Mexican wolf pups in den photo c/o Annie Marie Musselman
Another litter of Mexican wolf
pups born at Wolf Haven
In last month's World of Wolves, we wrote about our new litter of eight red wolf pups. Now we focus on the four Mexican gray wolves born at Wolf Haven this spring and the federally managed recovery program for this
critically endangered species.
We were very excited when pups were born to first-time parents F1422 (Vida) and M1360 (Kochi) in April. These two wolves are very genetically valuable to the healthy preservation of the species; in fact, this new family is considered
the most genetically valuable group in the entire captive Mexican wolf population!
The Mexican wolf is a subspecies of the gray wolf and it's estimated that 4000+ of them once roamed across Texas, New Mexico and Arizona and were as abundant in Mexico. Due to extirpation programs, by the 1970s the Mexican wolf was nearly extinct. Their population was so low that wildlife officials felt the only option for their survival was captive breeding and reintroduction. The entire Mexican wolf population was founded by seven animals, making genetic diversity of critical importance.
Wolf Haven's involvement
A federally managed Mexican wolf Species Survival Plan (SSP) was initiated in 1977 to manage and oversee the captive breeding program and lend support to the reintroduction and recovery effort of the species in the wild. In 1994, Wolf Haven was approved to participate as both a captive breeding facility AND a pre-release facility (one of only three such facilities in the United States for the Mexican wolf).
Between 1996 and 2017, nine litters of Mexican pups have been born at Wolf Haven. In 1998, some of the first Mexican wolves released into the wild - after being absent for nearly 40 years - came from Wolf Haven. Mexican wolves from our sanctuary were also released in the southwest in 2000, and a family group of 11 was reintroduced to the wild in Mexico in 2016.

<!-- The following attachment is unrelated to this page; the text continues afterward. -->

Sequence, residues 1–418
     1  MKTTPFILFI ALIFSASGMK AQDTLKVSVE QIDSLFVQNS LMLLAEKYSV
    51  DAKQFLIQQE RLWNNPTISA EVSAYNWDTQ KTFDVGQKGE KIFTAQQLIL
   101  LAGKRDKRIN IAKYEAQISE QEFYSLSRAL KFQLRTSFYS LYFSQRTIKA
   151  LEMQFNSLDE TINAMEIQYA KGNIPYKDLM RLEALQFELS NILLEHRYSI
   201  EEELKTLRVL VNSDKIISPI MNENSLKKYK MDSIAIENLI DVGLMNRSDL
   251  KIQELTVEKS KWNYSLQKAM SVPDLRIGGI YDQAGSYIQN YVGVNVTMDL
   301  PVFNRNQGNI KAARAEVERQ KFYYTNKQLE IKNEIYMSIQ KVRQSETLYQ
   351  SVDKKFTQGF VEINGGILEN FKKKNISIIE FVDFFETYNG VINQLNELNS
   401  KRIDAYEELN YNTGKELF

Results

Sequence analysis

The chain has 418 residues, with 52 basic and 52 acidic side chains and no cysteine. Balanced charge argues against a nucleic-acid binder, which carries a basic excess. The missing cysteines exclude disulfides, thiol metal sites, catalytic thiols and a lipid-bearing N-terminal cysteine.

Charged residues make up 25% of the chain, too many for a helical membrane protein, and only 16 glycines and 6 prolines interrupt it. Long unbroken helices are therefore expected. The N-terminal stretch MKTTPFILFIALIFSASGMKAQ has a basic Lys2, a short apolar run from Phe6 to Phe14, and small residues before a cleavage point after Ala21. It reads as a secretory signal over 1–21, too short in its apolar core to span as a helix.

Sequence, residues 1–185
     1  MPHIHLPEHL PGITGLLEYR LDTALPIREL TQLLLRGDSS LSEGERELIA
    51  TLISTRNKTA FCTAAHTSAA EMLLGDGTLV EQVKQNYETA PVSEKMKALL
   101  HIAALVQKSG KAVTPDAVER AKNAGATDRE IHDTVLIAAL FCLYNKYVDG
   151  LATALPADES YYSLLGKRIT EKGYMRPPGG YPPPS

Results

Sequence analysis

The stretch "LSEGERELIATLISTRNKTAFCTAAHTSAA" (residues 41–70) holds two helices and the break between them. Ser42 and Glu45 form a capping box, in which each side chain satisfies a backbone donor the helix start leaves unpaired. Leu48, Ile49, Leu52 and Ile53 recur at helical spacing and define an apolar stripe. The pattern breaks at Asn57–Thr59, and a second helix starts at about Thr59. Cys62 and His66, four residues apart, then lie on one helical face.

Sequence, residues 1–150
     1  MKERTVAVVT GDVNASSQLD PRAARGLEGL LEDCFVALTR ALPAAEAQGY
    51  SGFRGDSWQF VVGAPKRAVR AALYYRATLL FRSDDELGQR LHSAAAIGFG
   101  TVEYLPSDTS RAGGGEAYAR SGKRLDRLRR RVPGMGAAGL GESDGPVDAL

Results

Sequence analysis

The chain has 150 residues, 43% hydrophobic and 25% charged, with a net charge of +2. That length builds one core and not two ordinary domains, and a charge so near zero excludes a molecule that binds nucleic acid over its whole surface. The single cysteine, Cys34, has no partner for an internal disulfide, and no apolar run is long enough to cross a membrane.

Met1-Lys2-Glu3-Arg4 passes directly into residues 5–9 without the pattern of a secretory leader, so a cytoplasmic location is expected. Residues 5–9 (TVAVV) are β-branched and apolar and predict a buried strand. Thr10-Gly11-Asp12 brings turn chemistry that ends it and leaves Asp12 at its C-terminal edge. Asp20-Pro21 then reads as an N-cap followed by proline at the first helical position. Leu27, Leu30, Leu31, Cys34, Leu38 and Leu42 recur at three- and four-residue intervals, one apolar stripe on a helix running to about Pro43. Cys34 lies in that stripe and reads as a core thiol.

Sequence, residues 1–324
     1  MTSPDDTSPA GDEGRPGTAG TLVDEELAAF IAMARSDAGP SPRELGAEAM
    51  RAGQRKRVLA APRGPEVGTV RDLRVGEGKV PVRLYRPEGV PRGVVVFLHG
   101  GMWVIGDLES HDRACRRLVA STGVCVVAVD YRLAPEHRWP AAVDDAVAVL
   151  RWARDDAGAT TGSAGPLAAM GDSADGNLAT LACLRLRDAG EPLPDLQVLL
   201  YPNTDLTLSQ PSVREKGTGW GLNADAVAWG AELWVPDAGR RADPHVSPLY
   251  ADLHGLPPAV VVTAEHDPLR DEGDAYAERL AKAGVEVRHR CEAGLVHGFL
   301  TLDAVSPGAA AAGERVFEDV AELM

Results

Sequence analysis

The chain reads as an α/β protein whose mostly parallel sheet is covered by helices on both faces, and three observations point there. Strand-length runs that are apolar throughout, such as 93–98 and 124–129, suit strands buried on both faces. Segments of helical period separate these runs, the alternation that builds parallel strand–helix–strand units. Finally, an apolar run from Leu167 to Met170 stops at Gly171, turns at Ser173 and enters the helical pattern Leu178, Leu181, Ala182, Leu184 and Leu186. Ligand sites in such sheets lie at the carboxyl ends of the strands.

Today there are about 130 free ranging Mexican wolves in North America (Arizona, New Mexico and Mexico). There are 270 wolves in 52 facilities in the United States and Mexico. USFWS has just released a Mexican Wolf Draft Revised Recovery Plan Released for Public Comment, which Wolf Haven will review to provide input. If you have any thoughts or comments about this draft revision, please contact us at firstname.lastname@example.org or 360.264.4695 x221.
In the meantime, enjoy this video (taken via remote camera) of our new, young family.
Mexican wolf pups with mom and dad
Wolf Haven in the news Sustainability in Prisons
Wolf Haven is proud to be a participant in the Sustainability in Prisons Program. This is a partnership founded by the WA State Department of Corrections and The Evergreen State College (TESC). In a blog that they recently posted, you can read (and see beautiful pictures) about inmate technicians who had a chance to see first-hand the rare prairie that they are helping to restore on our prairie. So many groups in the Pacific Northwest are dedicated to preserving and restoring our disappearing native prairies and we at Wolf Haven are grateful to all of them. Read More and See Photos Here.
Not meant to be pets
One of our primary messages at Wolf Haven is that wolves and wolfdogs are NOT pets. Even though it may be legal to breed and purchase one (depending upon where you live), it is typically the animal who suffers because of human desires. There are far too many wolves and wolfdogs living in captivity at places like Wolf Haven (and these are the lucky ones who aren't euthanized) when private "owners" realize that they don't have the time, resources or energy needed to maintain a wild animal. A recent tragic incident only reinforced the message that wild animals should be left in the wild. Dogs and cats were domesticated over thousands of years for a reason - to bond with humans. Below is an Editorial Opinion written by the local newspaper The Olympian about a recent tragic event.